The Biden administration's massive infrastructure bill – which would allocate fully $65 billion for broadband – appears to be nearing the finish line. As a result, policy pundits across the country are debating how to overhaul to a decades-old program designed to finance bridges across the digital divide.
At the heart of the issue is: Who exactly should pay for the programs necessary to cross the digital divide? It's a tricky question, considering billions of dollars are already funneled every year into programs designed to construct telecom networks in rural areas and to help low-income Americans pay for broadband services.
On this episode of The Divide, David Gilford, co-founder of the Broadband Equity Partnership, discusses research on local priorities for a national broadband stimulus bill.
However, that money is collected through a government mechanism developed in the 1990s – when long-distance calling was still a thing, and 2G was all the rage. The FCC instituted the Universal Service Fund (USF) in 1997 as a part of the Telecommunications Act of 1996. That fund pays for a number of ongoing programs like Lifeline and the Connect America Fund.
Today, the USF is widely regarded as obsolete.
An obsolete funding design
"The funding mechanism that supports the [Universal Service] Fund is under significant duress," wrote Mattey Consulting in a new report. The firm is headed by a former deputy chief of the FCC, Carol Mattey, and the firm's report was developed at the request of trade groups Incompas, NTCA and the Schools, Health & Libraries Broadband (SHLB) Coalition.
Mattey Consulting isn't alone.
"Technological evolution from analog to digital communications media, the near elimination of the concept of 'long-distance' calling, and the increasing adoption of Internet-based communication media such as Skype, Zoom and others have decimated the contribution base and rendered the current USF funding mechanism unsustainable, prompting the necessity of an alternative means of closing the digital divide," wrote Hal Singer and Ted Tatos, two economists, in a separate new study of the government's USF. Their study was recently highlighted by FCC Commissioner Brendan Carr.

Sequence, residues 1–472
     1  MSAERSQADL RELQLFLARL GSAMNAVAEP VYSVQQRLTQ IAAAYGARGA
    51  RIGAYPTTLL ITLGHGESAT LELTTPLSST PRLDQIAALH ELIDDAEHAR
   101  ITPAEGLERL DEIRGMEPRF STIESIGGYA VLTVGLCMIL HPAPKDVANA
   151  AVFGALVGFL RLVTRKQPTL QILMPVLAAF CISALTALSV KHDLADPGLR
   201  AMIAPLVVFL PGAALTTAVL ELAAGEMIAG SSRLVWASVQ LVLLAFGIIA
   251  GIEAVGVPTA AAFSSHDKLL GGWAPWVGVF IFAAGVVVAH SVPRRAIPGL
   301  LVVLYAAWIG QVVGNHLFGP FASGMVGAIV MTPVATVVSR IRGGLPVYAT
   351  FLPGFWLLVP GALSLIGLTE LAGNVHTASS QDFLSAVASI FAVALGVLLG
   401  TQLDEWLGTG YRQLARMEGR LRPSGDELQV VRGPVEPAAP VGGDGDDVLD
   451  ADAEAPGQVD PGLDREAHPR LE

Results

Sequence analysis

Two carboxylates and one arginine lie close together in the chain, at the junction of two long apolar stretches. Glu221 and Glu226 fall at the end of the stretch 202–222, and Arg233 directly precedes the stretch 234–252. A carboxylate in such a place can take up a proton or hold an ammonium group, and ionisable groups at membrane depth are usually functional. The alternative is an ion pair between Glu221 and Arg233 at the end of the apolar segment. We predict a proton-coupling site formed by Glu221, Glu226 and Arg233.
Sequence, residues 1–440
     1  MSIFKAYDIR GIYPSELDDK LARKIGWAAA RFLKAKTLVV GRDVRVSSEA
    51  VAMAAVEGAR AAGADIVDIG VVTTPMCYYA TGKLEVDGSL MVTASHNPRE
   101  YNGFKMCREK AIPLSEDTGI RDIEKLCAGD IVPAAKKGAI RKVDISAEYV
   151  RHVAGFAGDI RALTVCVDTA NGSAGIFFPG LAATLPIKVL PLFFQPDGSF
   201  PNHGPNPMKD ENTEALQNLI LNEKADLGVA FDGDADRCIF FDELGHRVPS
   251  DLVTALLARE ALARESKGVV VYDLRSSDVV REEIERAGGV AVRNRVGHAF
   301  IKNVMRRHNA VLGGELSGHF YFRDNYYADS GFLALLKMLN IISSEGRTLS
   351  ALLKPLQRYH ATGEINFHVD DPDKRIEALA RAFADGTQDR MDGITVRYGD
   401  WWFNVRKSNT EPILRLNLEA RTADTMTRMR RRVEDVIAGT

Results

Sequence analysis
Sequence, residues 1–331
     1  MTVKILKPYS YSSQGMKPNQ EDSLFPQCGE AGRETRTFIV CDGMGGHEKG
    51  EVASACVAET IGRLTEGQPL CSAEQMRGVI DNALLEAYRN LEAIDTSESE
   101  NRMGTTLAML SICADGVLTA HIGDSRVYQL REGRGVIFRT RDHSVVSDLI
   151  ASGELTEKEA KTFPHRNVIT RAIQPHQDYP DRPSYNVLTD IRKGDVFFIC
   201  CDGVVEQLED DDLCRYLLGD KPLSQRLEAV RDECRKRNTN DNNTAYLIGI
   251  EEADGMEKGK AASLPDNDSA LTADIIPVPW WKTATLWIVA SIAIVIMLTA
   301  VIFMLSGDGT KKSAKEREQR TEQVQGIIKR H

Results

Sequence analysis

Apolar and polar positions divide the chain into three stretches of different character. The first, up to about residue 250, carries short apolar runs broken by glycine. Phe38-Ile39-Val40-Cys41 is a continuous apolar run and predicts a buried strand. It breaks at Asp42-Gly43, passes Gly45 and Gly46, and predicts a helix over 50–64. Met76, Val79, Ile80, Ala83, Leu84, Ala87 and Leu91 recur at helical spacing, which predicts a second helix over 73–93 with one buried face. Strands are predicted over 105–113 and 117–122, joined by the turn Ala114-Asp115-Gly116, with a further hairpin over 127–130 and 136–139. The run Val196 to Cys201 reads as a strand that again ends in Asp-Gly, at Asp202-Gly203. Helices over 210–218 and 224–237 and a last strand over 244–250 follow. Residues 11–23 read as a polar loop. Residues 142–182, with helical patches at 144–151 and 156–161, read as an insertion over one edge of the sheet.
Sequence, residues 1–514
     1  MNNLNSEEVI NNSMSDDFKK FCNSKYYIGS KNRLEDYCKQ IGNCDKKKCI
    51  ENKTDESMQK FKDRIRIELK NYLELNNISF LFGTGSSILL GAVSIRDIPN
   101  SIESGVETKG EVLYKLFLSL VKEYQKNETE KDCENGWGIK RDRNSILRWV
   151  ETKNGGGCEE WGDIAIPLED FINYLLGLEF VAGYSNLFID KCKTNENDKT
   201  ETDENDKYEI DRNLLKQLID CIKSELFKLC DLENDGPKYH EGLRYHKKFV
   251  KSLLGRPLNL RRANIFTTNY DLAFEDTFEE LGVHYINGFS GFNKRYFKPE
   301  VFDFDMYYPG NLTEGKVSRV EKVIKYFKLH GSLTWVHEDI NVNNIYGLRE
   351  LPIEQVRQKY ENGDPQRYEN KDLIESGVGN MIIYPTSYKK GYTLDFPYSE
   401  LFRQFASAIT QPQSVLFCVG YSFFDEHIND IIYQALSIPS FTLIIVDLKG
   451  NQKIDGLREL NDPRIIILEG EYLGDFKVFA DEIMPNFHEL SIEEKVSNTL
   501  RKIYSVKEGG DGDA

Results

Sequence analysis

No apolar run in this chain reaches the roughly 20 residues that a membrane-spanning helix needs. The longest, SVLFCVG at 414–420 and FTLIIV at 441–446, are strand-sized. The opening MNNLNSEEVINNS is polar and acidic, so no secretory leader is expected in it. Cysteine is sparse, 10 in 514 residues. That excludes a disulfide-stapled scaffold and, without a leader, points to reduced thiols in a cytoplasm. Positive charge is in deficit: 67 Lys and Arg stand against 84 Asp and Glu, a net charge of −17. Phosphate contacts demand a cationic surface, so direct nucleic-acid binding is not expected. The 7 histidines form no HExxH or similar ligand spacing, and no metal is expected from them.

Both studies argue that the USF currently sits on an unstable foundation. After all, it's primarily funded by landline voice revenues – and critics have argued that those revenues are contracting by about 20% per year. As a result, many view the USF's funding design as unsustainable and in need of change.
However, the two new USF studies differ significantly in their conclusions on how to do that.
Big Tech vs. big ISPs
The first, by Mattey, argues that the USF should be based on broadband data revenues, not just voice revenues. "Broadband Internet access service revenues are expected to be stable in the future, with the potential for some modest growth," the report advises. "This would stabilize the funding mechanism and stop the death spiral in the current USF contribution methodology."
But the report authored by Singer and Tatos offers a different view. The authors argue that broadband providers will simply pass USF fees on to their customers – and that would potentially affect the rural and low-income customers the USF program is designed to help. "A fee levied on ISPs would impede broadband adoption by raising consumer bills, with a regressive effect on lower-income consumers," they wrote.
Singer and Tatos propose shifting the USF onto companies that make use of broadband networks. They argue digital advertising companies like Facebook and Google should pay into the USF.
"Over the last ten years, digital advertising, which includes search, display and other online advertising methods, has experienced near exponential growth, much of it driven by the successes of Google and Facebook. In 2020, notwithstanding the COVID-19 pandemic, both 'Big Tech' giants recorded ad revenue gains, amassing a combined $231 billion in worldwide advertising revenues," they noted.
Further, the economists argue that Google and Facebook likely would not pass USF fees on to their users.
Their findings dovetail with a proposal issued by FCC Commissioner Carr earlier this year. "Rather than artificially raising the cost of Internet service for Americans, assessing Big Tech would sharply reduce consumers' monthly costs," Carr wrote in support of the new study. "The study also shows that requiring large technology companies to pay a fee would align incentives given both the bandwidth consumed by digital advertising services and the benefits large technology companies would realize from even greater connectivity."
FCC Acting Chairwoman Jessica Rosenworcel has reportedly said Carr's proposal is "intriguing."
However, she said Carr's recommendation would need to be enacted by Congress.
— Mike Dano, Editorial Director, 5G & Mobile Strategies, Light Reading | @mikeddano
This article first appeared on Light Reading.